DETROIT — It's a building to hurry past: dingy, deserted, with dark, jagged holes of broken windows scattered across its 13 stories. "Hey, crackhead" is spray-painted on the black granite facade.
This was once a grand department store, but it's been derelict for a decade.
Which means Lucas McGrail can't wait to get in.
He clamps on a hard hat. "This is the last frontier," he says.
Abandoned buildings like this one, the creepier the better, are treasured arenas for the treacherous -- but trendy -- sport of urban exploring. Slip inside and a hidden world opens up. Over broken glass and sodden lumps of fallen plaster, there's an eerie beauty in the decay. Through dark hallways, up rust-pitted stairs, there's a thrill in the adventure.
Scouting each step with his flashlight, breathing hard in the stale air, McGrail climbs to the top floor of the department store. Like most explorers, he's in it for the daredevil fun of being someplace he shouldn't. But he also loves the way these old buildings give him a glimpse into the past.
In an old records room, he finds a leather-bound diary, nearly a century old, kept by the owners of People's Outfitting Co. They wrote about their golf scores and their swollen tonsils, about the trials of keeping the store afloat through blizzards, streetcar strikes and electrical shorts that had them working by candlelight. February 1916 was slow: They sold mostly Victrolas. In June 1919, business was good: "Brutally hot weather. Refrigerators and fans went like hotcakes."
McGrail, a 27-year-old architect, rummages through the records room for other memories of an era past, coming across a framed optometry degree from 1935 and swatches of shag carpet in fuchsia and split pea.
"This is my way of opening a window into the past," he says. "It's the same charge other people get when they explore Stonehenge, or the ruins of ancient Rome."
McGrail counts himself among an informal federation of adventurers worldwide -- mostly, but not exclusively, young men -- who regard "Danger -- No Trespassing" signs as a personal challenge.
Taking photos to document their exploits, they slink through steam tunnels and drainpipes, climb idle construction cranes, even descend into abandoned missile silos. Or, like the loose-knit Urban Exploration League in Detroit, they prowl forsaken buildings. Then they post their discoveries online, in narratives so packed with drama that an illicit crawl through a sewer comes off like an expedition to the North Pole.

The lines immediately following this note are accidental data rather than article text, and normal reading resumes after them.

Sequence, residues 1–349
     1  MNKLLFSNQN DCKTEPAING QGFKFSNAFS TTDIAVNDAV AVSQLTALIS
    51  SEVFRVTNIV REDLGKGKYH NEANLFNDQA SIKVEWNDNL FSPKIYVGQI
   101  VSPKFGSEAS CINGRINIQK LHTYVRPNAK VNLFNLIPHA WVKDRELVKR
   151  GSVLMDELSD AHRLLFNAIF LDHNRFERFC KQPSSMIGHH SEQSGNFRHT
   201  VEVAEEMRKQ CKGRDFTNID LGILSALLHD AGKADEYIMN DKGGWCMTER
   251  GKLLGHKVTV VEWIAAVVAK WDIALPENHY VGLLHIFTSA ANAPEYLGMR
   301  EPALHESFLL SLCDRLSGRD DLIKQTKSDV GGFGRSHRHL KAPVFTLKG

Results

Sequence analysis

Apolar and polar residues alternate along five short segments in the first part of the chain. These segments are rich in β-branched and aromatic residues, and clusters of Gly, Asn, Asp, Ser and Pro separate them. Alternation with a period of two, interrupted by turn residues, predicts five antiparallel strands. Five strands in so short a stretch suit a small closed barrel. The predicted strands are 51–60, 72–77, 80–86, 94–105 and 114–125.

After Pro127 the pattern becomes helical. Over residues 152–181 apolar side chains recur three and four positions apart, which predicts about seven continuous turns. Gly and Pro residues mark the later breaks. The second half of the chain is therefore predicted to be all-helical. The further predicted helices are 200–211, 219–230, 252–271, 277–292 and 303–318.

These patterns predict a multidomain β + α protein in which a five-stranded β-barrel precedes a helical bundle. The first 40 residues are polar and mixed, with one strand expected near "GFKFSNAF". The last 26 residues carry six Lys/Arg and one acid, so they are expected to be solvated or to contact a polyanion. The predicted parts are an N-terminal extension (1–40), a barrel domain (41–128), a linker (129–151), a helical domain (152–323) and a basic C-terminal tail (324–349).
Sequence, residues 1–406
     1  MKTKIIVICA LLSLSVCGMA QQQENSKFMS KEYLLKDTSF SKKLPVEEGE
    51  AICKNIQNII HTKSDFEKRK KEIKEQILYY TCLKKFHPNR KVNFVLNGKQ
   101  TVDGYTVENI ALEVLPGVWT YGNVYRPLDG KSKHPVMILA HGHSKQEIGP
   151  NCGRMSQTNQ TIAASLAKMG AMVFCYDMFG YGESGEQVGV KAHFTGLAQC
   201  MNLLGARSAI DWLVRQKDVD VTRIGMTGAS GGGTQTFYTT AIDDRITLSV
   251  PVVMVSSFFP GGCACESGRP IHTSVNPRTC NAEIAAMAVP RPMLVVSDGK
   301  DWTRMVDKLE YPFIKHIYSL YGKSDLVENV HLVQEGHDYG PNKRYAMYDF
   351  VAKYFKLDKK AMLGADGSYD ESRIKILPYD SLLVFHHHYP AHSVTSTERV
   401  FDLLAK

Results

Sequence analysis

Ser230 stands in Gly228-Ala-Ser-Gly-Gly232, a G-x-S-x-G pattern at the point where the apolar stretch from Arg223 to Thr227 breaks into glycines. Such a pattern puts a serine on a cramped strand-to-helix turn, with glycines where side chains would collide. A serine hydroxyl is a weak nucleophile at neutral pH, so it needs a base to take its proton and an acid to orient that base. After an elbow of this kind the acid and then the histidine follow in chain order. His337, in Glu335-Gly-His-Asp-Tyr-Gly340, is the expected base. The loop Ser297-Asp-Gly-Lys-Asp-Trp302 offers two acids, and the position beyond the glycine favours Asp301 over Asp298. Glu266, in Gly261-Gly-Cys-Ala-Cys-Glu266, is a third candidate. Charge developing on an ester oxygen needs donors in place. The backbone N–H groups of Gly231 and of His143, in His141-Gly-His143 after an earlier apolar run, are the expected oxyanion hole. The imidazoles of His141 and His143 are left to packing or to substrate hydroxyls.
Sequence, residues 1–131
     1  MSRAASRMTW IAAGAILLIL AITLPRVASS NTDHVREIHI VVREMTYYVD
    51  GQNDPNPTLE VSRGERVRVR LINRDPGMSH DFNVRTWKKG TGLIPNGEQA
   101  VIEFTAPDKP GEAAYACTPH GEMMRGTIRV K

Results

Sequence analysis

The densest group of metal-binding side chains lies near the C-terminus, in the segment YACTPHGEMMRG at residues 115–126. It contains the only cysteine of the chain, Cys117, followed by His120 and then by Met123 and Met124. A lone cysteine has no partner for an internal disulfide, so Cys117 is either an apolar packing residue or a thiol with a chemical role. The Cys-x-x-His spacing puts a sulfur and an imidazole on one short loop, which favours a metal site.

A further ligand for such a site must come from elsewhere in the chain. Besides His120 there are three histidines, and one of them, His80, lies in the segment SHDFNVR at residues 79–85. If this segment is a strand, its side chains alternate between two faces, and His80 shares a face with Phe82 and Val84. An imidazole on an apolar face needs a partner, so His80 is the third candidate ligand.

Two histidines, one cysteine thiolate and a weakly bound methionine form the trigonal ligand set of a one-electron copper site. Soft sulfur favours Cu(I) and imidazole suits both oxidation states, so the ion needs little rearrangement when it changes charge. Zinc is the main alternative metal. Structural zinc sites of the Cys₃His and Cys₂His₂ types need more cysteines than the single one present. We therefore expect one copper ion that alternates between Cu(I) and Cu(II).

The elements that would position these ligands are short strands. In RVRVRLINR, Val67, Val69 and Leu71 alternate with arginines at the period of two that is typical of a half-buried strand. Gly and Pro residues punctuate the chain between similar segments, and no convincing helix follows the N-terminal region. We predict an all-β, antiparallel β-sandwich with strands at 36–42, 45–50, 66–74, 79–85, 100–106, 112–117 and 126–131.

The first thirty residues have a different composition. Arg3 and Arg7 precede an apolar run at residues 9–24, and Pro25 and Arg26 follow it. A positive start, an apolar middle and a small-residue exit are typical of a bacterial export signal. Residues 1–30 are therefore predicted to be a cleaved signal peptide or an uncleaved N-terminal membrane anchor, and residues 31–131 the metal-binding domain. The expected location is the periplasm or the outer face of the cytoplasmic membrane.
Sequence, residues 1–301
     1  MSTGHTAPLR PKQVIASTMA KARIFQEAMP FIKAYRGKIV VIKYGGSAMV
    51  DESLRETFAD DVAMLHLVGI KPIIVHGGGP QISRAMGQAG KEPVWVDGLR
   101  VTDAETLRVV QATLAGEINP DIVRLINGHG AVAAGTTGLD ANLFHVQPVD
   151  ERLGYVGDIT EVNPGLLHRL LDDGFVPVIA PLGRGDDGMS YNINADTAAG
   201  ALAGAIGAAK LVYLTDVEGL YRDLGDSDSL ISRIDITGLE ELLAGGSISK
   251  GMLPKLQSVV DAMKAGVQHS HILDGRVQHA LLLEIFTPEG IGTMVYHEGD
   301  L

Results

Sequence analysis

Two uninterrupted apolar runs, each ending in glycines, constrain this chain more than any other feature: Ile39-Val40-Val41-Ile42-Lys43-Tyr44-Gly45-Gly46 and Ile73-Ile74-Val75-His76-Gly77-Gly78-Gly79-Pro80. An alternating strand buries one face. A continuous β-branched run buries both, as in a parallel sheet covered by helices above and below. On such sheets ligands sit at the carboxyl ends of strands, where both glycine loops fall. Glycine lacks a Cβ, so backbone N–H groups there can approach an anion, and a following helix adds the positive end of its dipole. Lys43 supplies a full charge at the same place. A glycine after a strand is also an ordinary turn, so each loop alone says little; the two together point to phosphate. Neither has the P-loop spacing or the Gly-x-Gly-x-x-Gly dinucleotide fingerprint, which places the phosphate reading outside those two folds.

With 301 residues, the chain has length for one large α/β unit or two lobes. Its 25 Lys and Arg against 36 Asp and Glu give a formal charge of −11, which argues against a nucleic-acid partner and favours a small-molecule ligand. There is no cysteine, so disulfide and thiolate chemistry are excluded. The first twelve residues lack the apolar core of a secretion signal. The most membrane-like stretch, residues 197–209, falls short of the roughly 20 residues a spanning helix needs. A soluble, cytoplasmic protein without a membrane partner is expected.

In the last decade, urban exploring has developed its own vocabulary: "Seccers" are security guards; "to skunell" is to skateboard in a drainpipe; "to summit" is to reach the roof of an abandoned building.
There's an online discussion group devoted to exploring steam tunnels under college campuses, including UCLA. There's even a magazine, Infiltration, published three times a year in Toronto and claiming a circulation of about 2,000. The editor, who identifies himself only as Ninjalicious, says the movement has grown to include several thousand enthusiasts across the United States, Western Europe, Canada, Russia, Australia and Japan.
A Risky Hobby
Participants risk arrest. They risk injury, even death; every explorer seems to know someone who fell through a rotting floor or bashed his head on a low-hanging pipe. Lifting a metal grate in an abandoned cafeteria, McGrail once found a human index finger in a puddle of dried blood. He figures it belonged to an explorer whose hand got stuck under the grate.
"It's probably kind of stupid to do this," said Josh Kahl, 28, a Detroit explorer. "But it's interesting. It's an adventure. You never know what's going to happen."
Urban exploring is about discovery, about "looking behind the scenes," the editor of Infiltration said in an e-mail interview. It's about finding "the wonderful, neglected spaces that might otherwise go unappreciated."
For explorers who thrill to neglected buildings, few cities are more enticing than Detroit.
Fueled by the wealth of the auto industry, Detroit built dozens of extravagant high-rises between 1900 and 1930. The downtown skyline sparkled with Art Deco office towers and luxury hotels -- some rising 30 stories. A red-brick department store built in wedding-cake tiers occupied an entire block. The enormous train station was designed like a classical temple, with stately columns out front.
But within a few decades, the businesses built with such opulence began to lose their customers. Between 1950 and 2000, Detroit lost more than 1 million residents -- half its population. The race riots of 1967, in particular, led to a mass exodus. Shops, hotels and theaters shut down.